The state of Ohio also requires an Adoption Assessor to be involved in every adoption. To learn more about adoption assessors, visit the Adoption Network Cleveland or the Ohio Child Welfare Training Program (OCWTP).
Q: Can I hire an attorney to represent me and the child’s biological parent?
No, Section 3107.011 prohibits attorneys from representing both the adoptive and biological parents during an adoption. But, even if this practice were not prohibited by statute, representing both sets of parents would inherently raise ethical considerations with regard to conflicts of interest that could require your attorney to withdraw from representing you or the biological parent.
If you would like to assist a biological parent with obtaining legal representation for your adoption, the law does permit adoptive parents to provide financial support for legal fees. The attorney you choose should have a clear understanding of the applicable restrictions and be able to ensure that your financial support arrangement meets the requirements of Ohio law.
Q: Is financial assistance available to individuals and couples seeking to adopt in Ohio?
Potentially, yes. Section 5101.143 of the Ohio Revised Code provides for the establishment of a state adoption assistance loan fund. All loan applications are reviewed by the Ohio Department of Job and Family Services, which has the authority to approve, partially approve, or deny financial assistance applications. Adoption assistance loans may only be used for:
- Products or services required for the birth mother’s or child’s sustenance or safety (including food, household goods, and personal care items);
- The birth mother’s or child’s costs of transportation to work or school; and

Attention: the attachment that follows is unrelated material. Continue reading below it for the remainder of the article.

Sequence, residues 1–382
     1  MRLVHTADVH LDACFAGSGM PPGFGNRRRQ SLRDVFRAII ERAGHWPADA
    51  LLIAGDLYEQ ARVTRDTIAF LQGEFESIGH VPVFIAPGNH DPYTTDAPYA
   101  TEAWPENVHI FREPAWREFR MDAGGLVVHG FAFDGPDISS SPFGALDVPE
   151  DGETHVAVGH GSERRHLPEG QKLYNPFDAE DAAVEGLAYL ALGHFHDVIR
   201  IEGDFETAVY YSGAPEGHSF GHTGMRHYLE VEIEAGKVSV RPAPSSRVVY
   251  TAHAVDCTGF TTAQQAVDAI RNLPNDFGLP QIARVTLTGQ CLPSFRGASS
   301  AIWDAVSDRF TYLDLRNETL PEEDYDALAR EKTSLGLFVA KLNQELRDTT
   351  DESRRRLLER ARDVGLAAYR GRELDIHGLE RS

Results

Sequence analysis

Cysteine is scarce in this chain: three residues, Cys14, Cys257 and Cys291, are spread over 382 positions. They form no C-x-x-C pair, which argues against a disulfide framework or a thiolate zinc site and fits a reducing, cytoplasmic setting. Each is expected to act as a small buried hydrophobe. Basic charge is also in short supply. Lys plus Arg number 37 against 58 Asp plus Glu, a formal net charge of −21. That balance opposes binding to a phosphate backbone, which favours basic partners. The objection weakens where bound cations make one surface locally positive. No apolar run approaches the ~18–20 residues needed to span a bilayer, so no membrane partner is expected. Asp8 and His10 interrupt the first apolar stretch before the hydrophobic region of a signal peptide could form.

- Expenses incurred in adopting through the public child welfare system.
Q: Does Ohio law provide for adult adoptions?
Yes, but only under five specific sets of circumstances. Under Section 3107.02 of the Ohio Revised Code, an adult can be adopted if:
- The adult is totally or permanently disabled;
- The adult has an intellectual disability;
- The adult consents to an adoption by a stepparent or a foster or kinship caregiver who had an established relationship with the adult when he or she was a minor;
- The adult consents to the adoption and was, on his or her eighteenth birthday, in a permanent custody or planned permanent living arrangement with public children’s services or placement agency; or,
- The adult consents to the adoption and is the child of the adoptive parent’s spouse (a stepparent adoption).
If you are considering an adoption of an adult relative or loved one, you will likely want to explore your options with regard to establishing guardianship as well.
Q: Where can I find more information about how to prepare for the adoption process in Ohio?
If you are considering an adoption and would like more information about how to prepare and what to expect during the process, we encourage you to read:
- 4 Things to Know if You are Preparing to Adopt in Ohio
- Guide to Ohio’s Adoption Laws
- Information about the 5 Types of Adoption Available in Ohio
Contact an Experienced Adoption Lawyer
If you are considering adoption for your family, the family law attorneys at Laubacher & Co. can help you decide which type of adoption is best for you, and help facilitate the process so it goes as seamlessly as possible. Contact our office at 855-701-1004 to schedule a free consultation today.
18 / 100